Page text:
I don’ know, it’s a hard question because I totally feel what he’ saying because the way things were recorded back then to the way they’re recorded now, like in the analogue they really do make a particular sound and it’s something that I think people are into the music are really keen to, like they really hear it. Like you can tell when a drum break is from a certain time you know and it’s good and it’s full, but at the same time, I don’ know, sampling is just something you’re going to do, I mean it’s something I’m going to do.
I don’ know if it really dictates the rhythm, it definitely dictates the song. Whatever the main sample is, that’s the tree and everything else is little branches off it.
What’s your aim when you’re looking for a sample?
I’m always looking for something that just stands out to me. It’s basically looking for something that I wanna hear over and over again, you know because that’s the repetitive artform I work in, it’s like you’ve gotta have something that’s not going to get annoying or tired or something I know is a little repetitive that I can build off and do a lot of things with. And those are usually the ones that come out the best, where I find a plain kind of loop and build off into all sorts of directions.
The copyright law “de minimus’ is all about sampling small excerpts from earlier pieces and just how small is a small sample. Do you actively try and cut really small samples so it’s unrecognisable or larger samples from more obscure records?
I don’ even think about it, I take like four bars sometimes, or I’ll take two bars or one bar. Like it doesn’ matter, whatever it calls for, the fact of the matter is if they were going to catch me they could get me and I’m also not a musician in the way that I can play tonnes of instruments and compose my own music, I compose within my sampler, but if they wanted to get me they could.
I think it’s like if you take like two notes you could get caught for sample clearance. I just try to go below the radar with what I sample. And put effects on it and try to tweak them, you know, cut them up a bit, but I’m not opposed to taking like a four bar loop. I have no guilt issues about that.
What are your thoughts on groups rerecording samples to get past clearance? It seems to be happening more and more.
It’s one of these things where noone wants to do it, but they have to do it. It never sounds as good to me, I mean the whole thing about how things are recorded now and how things were recorded then, I mean I don’ know, it sounds almost like a cover band. But you have to do it if you’re at a level where you’re going to get sued or you can’ clear the sample because it’s too expensive.
Yeah I remember Portishead went back and did that on their second record.
Did they really?
Yeah when they came back after Dummy, they produced the album and then went back and took out the samples and replayed them and tried to sort of scuff up the samples.
OK, I didn’ know that, that’s cool, well they did a good job.
Is the sound of groups like Portishead and Trip Hop a big influence on your sound? It seems to have that kind of melancholy, especially on your first album.
I’d say more so on the first album, I like the first Portishead album, but I was actually more into the second one. Around the time when I first started really tinkering with the idea of making an instrumental album, the first one, I was into that album definitely. That and some Bjork stuff and whatever weird rhythms she was doing at the time, about 1999/2000.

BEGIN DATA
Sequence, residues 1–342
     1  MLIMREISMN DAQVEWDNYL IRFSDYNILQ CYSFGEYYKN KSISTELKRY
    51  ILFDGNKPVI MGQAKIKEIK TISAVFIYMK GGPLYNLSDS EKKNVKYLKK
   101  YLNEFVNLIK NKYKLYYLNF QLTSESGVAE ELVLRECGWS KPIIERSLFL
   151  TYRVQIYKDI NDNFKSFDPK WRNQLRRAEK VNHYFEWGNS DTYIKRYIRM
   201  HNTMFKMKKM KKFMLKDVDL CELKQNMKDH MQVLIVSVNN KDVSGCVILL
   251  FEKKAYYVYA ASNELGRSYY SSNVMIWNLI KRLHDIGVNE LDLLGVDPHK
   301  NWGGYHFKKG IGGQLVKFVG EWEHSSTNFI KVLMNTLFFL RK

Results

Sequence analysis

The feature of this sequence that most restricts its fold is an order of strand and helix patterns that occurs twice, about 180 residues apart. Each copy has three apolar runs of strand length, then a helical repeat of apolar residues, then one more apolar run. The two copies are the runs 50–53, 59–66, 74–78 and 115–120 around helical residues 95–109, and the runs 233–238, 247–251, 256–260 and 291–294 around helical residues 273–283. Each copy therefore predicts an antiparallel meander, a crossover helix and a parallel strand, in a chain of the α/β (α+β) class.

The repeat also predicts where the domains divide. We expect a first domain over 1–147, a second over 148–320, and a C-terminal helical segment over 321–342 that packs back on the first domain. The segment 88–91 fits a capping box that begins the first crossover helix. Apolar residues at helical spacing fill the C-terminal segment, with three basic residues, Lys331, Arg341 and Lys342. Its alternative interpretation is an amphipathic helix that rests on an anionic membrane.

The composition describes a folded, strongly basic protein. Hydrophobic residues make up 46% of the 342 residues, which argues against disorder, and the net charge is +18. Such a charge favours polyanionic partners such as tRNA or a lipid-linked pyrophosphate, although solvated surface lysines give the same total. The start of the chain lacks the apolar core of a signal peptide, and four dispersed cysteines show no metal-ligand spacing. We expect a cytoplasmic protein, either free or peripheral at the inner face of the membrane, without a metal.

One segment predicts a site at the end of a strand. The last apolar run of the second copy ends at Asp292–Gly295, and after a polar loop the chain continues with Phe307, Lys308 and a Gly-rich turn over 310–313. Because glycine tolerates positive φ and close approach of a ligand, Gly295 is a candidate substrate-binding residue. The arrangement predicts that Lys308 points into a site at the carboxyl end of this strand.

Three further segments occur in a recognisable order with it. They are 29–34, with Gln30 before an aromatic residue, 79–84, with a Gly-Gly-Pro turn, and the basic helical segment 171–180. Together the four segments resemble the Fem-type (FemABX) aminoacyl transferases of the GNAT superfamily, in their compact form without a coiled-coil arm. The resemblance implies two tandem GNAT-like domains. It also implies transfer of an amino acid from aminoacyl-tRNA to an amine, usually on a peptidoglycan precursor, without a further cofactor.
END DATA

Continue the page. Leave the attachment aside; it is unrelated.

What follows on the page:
It definitely didn’ play too much into the new album, I mean I love Portishead’ second album, but I can’ say I’ve really listened to it in the last four years.
So what kind of stuff is affecting you?
I don’ think I’m really influenced. It’s one of these things that’s really hard to explain, when I sit down I just make beats, I don’ really think about influences. The type of music I listen to and the type of music I make are totally opposite.
What kind of music are you listening to then?
I listen to like old school rap, early “90s/late “80s rap, a lot of gangster rap, some mainstream hip hop and I’ve been listening to a lot of Donovan lately and Donny Hathaway and stuff like that. I don’ listen to underground rap really that much.
I mean I used to be a big fan of it, but now I’m just sort of bored with it, so I listen to a lot of like ignorant hip hop.
So what is wrong with underground hip hop at the moment?
I think there’ too many rappers. It’s too easy to make a song, everyone can rap, everyone can record now and get it on the internet. In the early “90s you couldn’ do that, like you had to be signed and everyone was trying to be signed and even if it was only on an indie label like it was hard to do and you had to actually have talent whereas you can just manufacture yourself nowadays and it’s nothing and there’ no quality control. Everyone raps, everyone makes beats and everyone sucks at it.
Do you think the Internet is diluting things?
It’s just there’ noone telling these people that they shouldn’ do it. You know what I mean, I used to rap and I stopped because I sucked and I think a lot of people should reevaluate their rapping skills and be like maybe I suck too.
It’s a curse and a blessing, because you know the internet has blown things so huge the music business is so much bigger now because of the internet and I definitely have fans I would never have had if it wasn’ for the internet and all my friends, you know people I work with musically, do too, it’s been a huge help. But on the same note there needs population control cause everyone raps on the Internet.
How do you feel about the way things are going, because it’s not going to turn around, the Internet is ruling things these days and as much as the record industry tries to quash it, filesharing keeps coming back with a different face.
Well that’s one thing, it’s never going to stop, I mean why would anyone pay for music when they get it for free. It’s not like it’s their friends music you know (laughs) there’ no loyalty, well some fans do have loyalty and will buy every album that they like and that’s amazing but at the same time, why buy it unless you really want the artwork.
How do you feel about that as a record collector and music fan?
I tend to buy things that I want and download things that I want songs from, but also at the same time there’ not that much new stuff that I’m really fiending to get so I end up downloading like old songs.